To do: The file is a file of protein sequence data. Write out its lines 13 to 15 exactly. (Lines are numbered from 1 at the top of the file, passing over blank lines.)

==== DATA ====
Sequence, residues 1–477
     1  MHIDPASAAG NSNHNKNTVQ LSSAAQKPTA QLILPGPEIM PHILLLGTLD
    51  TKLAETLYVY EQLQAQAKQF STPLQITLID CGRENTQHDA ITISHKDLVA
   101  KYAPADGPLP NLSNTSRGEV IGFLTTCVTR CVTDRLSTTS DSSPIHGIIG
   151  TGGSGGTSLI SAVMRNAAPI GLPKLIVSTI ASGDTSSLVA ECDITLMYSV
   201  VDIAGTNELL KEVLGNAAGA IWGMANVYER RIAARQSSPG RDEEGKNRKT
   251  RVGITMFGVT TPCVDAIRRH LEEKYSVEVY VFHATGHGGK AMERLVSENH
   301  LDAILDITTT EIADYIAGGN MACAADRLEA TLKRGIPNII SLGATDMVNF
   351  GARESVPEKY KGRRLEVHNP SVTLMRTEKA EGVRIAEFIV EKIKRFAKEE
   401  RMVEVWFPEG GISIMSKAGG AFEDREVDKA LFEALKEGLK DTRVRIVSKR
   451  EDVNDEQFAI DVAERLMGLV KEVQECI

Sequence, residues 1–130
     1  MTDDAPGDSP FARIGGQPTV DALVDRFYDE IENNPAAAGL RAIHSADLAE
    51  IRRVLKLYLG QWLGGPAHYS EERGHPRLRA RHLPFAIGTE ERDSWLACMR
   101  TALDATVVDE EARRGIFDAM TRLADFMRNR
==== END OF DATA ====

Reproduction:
     1  MTDDAPGDSP FARIGGQPTV DALVDRFYDE IENNPAAAGL RAIHSADLAE
    51  IRRVLKLYLG QWLGGPAHYS EERGHPRLRA RHLPFAIGTE ERDSWLACMR
   101  TALDATVVDE EARRGIFDAM TRLADFMRNR